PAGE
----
Sprint has confirmed that it has entered a "definitive agreement" with Clearwire to bring its stake to 100 percent.
In a deal worth $2.2 billion -- $100 million over the firm's first formal offer -- America's third largest cellular network will now own its rival cellular network Clearwire in full. The deal, which works out at $2.97 per share, will give Clearwire an enterprise value of approximately $10 billion, including net debt and spectrum lease obligations of $5.5 billion.
The agreement between both cellular networking firms will result in Sprint's spectrum portfolio increasing, as well as the addition of 11 million Clearwire subscribers. Clearwire's 2.5 GHz spectrum assets will be added to Sprint's network, which the company says will make the transition to LTE- enabled networks easier.
Sprint CEO Dan Hesse said:
"Today's transaction marks yet another significant step in Sprint's improved competitive position and ability to offer customers better products, more choices and better services. Sprint is uniquely positioned to maximize the value of Clearwire's spectrum and efficiently deploy it to increase Sprint's network capacity. We believe this transaction, particularly when leveraged with our SoftBank relationship, is further validation of our strategy and allows Sprint to control its network destiny."
According to Sprint, the deal has been given "unanimous" approval by Clearwire's board of directors.
In October, Sprint announced that it would sell a 70 percent stake in the company to Japan's Softbank for $20.1 billion in order to receive $8 billion in capital to improve its mobile network. Under the terms of the merger agreement between Sprint and Softbank, the Japanese firm has given its necessary blessing to the deal.
The rumored agreement faced potential setbacks last week as reports suggested Softbank -- a major shareholder within the cellular networking firm -- was reluctant to allow Sprint to offer more than $2.90 a share after Clearwire shareholders criticised earlier bids, and wanted up to $5 per share.
In pre-market trading this morning, Clearwire shares stand at $3.08 per share.
"The value of this transaction may go down over time for both sets of investors if we delay," Sprint CEO Dan Hesse
On a conference call detailing the terms of the deal, Sprint's CEO Dan Hesse said that the transaction between both parties offers "a fair price" for both sets of shareholders, and is a "critical step" in Sprint's future and to boost the firm's spectrum portfolio. The transaction is deemed necessary in order for Sprint to meet its growing capacity requirements and for the acceleration of a more "robust" network that will prove a competitive force in the industry.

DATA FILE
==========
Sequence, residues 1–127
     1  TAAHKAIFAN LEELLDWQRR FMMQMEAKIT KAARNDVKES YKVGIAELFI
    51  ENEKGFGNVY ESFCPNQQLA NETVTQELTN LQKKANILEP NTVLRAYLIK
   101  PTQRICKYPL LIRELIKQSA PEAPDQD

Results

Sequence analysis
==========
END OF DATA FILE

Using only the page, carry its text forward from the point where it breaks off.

In addition, Hesse said that the deal would boost the U.S. cellular network's top and bottom-line growth. In conclusion, the CEO said that he believed the decision was right for shareholders, Sprint itself, and the American consumer.
Clearwire CEO Erik Prusch explained a number of capital-generating alternatives the firm considered once Sprint let it be known it was interested in a potential transaction.Considering limited capital and restricted ability to develop its LTE network, Prusch said the firm "had to scale back its aspirations" and eventually became "even more dependent on Sprint" as LTE demand took hold.
Clearwire considered a number of alternatives, which included adding new non-Sprint customers, selling excess spectrum, additional financial restructuring and debt management to try and shore up its balance books. However, Prusch says that the value of the firm's spectrum "was well below recent speculation," and even if the firm could sell large chunks of its excess spectrum, it may be "traded to someone else -- including Sprint -- which wouldn't be good [for the firm]."
Clearwire was unable to secure a second major wholesale customer which would potentially have helped clear up outstanding debt, which in addition to its spectrum lease, now reaches approximately $6.3 billion and will remain outstanding.
If the deal does not go ahead, Clearwire's CEO said that "financial restructuring is possible," but investors considered a merge with Sprint as a better alternative to restructuring or the sale of spectrum.
Additional financial help and efficiency measures -- planned for the first year -- will be given to Clearwire in order to try and clear debt as well as allow the firm to continue building its LTE network.
Financial help, as well as the deal itself, is reliant on the closure of the agreement between Sprint and Softbank. Sprint's shareholders must grant a majority vote of approval for the purchase to go forward.